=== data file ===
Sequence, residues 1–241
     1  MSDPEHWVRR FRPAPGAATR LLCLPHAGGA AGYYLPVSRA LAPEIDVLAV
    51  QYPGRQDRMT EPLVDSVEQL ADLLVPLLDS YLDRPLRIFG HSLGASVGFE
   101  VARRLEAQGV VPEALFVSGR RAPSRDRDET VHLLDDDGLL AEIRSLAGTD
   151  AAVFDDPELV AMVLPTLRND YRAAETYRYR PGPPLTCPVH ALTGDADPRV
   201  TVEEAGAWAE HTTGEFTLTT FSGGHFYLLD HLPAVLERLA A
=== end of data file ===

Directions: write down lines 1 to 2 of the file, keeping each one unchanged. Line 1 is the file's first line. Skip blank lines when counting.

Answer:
Sequence, residues 1–241
     1  MSDPEHWVRR FRPAPGAATR LLCLPHAGGA AGYYLPVSRA LAPEIDVLAV